I have learned a ton of things over my time in the workplace. Perhaps no lesson was more transformational than the importance of "soft skills" versus "hard skills." Always being the solid student and top technician, I entered the workplace believing that my technical skills would hold the keys to my success. Nothing could have been further from the truth. For clarity, let's differentiate between hard and soft skills:
- Hard skills are those technical skills that are required to complete your job. They're the ability of an accountant to understand the income statement, balance sheet, and cash-flow statement. They're the ability of the engineer to use a computer-aided design package as well as an HP 12C. They're the ability of a graphic artist to use Photoshop. They're those skills that you learn in school or the classroom. And without these skills, you will have much difficulty being productive in the traditional sense.
- Soft skills are those skills that allow you to interact effectively with others. They're the ability to speak clearly, write clearly, work as a team member, keep confidences, and stand up for what's right. They're the skills that you learned outside the classroom.
As a leader, it's the soft skills that make all of the difference in the world. You can be the best technician on the face of the planet—but, if you cannot effectively interact with others, you'll never be a successful leader. Furthermore, the higher your leadership aspirations are, the more important these skills become.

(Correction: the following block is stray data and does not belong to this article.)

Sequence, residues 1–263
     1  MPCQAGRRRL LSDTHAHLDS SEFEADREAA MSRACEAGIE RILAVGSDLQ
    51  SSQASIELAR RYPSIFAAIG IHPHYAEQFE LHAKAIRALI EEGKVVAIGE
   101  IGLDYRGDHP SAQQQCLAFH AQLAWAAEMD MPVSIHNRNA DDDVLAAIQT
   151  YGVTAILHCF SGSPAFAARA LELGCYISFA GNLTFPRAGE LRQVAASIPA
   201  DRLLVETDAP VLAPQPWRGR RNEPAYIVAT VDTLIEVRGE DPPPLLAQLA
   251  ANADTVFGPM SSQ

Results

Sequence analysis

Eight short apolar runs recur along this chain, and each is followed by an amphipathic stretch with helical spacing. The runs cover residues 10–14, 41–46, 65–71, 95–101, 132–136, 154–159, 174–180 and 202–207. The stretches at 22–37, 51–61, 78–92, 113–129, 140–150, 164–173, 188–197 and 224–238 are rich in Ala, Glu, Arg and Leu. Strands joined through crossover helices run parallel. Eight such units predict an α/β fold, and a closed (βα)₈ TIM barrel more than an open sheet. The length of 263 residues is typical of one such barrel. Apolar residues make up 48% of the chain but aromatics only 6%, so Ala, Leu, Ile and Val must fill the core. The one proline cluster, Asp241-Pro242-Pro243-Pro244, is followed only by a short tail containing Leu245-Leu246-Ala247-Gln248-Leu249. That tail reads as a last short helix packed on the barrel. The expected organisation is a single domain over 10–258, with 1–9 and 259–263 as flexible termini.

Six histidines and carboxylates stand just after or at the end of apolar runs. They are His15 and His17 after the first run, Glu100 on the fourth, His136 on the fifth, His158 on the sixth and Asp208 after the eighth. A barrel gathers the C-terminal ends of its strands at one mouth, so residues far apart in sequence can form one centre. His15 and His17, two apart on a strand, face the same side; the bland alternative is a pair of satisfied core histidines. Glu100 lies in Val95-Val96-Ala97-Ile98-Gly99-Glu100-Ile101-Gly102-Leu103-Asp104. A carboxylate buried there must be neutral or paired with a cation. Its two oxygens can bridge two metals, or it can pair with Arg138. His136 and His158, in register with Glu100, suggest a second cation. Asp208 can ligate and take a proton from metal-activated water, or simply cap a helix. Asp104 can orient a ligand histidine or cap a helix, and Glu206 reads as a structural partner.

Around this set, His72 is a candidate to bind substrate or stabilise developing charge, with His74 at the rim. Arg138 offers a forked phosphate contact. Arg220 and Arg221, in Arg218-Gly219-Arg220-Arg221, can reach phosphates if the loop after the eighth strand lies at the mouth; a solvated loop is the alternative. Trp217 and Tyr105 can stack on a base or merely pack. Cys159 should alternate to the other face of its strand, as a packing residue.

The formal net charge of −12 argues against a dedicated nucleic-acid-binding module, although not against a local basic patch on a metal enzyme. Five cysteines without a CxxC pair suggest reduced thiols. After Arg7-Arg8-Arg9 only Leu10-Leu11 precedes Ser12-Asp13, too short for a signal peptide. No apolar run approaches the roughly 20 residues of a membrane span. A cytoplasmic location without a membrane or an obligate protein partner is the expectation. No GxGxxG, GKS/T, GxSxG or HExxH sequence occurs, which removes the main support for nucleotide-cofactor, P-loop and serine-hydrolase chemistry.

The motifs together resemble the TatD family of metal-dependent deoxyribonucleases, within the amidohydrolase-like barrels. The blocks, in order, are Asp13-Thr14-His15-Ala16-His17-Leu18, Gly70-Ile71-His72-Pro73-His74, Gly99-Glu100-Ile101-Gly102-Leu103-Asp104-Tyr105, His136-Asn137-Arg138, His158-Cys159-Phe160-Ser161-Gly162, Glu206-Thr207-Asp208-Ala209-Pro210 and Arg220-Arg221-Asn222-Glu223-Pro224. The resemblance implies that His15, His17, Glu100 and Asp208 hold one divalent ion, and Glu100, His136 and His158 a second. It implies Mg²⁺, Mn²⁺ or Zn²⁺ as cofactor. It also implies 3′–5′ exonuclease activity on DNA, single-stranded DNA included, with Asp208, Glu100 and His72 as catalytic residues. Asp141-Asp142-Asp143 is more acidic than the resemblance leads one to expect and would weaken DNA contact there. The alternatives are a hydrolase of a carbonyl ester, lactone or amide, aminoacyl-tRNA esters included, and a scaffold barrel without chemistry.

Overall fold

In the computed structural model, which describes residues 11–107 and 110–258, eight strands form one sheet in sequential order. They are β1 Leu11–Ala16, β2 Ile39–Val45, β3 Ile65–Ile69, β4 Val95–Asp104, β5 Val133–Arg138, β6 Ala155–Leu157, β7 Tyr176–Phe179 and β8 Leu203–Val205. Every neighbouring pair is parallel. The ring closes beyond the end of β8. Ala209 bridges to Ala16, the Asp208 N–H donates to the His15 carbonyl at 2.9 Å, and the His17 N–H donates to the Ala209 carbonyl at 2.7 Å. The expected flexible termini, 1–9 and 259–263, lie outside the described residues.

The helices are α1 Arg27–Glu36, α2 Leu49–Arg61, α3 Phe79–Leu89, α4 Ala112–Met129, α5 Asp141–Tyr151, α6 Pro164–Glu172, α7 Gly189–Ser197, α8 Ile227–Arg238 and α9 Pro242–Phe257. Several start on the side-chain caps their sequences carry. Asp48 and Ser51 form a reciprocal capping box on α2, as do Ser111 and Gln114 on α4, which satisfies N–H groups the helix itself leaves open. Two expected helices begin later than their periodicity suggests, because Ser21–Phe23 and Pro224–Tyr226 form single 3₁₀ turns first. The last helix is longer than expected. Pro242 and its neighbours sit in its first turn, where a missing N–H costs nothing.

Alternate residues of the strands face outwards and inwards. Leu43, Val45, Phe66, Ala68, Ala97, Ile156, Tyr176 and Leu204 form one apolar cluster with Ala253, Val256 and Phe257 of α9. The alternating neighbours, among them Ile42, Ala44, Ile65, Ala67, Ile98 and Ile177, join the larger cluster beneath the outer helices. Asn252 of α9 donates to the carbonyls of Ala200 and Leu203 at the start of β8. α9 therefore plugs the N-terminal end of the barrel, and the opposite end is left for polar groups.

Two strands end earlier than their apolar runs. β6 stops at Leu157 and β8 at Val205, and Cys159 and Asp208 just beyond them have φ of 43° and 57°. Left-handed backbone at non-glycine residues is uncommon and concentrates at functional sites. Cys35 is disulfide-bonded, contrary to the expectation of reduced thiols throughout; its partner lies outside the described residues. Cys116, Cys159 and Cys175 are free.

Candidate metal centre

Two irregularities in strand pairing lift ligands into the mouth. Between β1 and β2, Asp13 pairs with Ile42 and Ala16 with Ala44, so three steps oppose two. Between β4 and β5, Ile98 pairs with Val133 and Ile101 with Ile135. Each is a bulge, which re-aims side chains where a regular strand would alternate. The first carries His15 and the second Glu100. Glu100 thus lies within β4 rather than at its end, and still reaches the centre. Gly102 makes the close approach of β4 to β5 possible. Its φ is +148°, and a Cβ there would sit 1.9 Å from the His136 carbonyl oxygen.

There's a classic HBR article on this topic called "Skills of an Effective Administrator." It's written by Robert Katz and was published in 1974. In it, Katz defines three critical dimensions for success of an administrator: technical, conceptual, and interpersonal. He puts forward the premise that, in order to be effective in the workplace, you need to possess skills in each of these dimensions. I could not agree more; however, in my experience it's the conceptual and interpersonal skills that define leaders.
Katz isn't the only one to highlight the importance of soft skills. Earlier, I mentioned one of my all- time favorite books, Dale Carnegie’s How to Win Friends and Influence People. Carnegie’s book is a case study of life. It's a compendium of rules based on his experiences interacting with other people. I can't think of any better place to start if you're looking to develop your soft skills.
Folks, I have been in countless meetings where decisions on promotions, demotions, and staff reductions were made. Without fail, these decisions are made based on the soft skills and not the hard skills. The hard skills may get you in the door, but the soft skills are going to dictate how long you stay there and how high you rise. As a leader, you need to develop your personal soft skills and make sure that your team is receiving appropriate guidance on how to do the same.
One "soft skill" that I've had difficulty learning is knowing when to shut up. I'm closing off this chapter now, as there's no reason for me to explain what Carnegie does so brilliantly. Buy the book. Read it. Use it.
ACTION ITEM 18 - Pick up a copy of Dale Carnegie’s "How to Win Friends and Influence People" and read it. Alternately, you can get a one page summary of it here.
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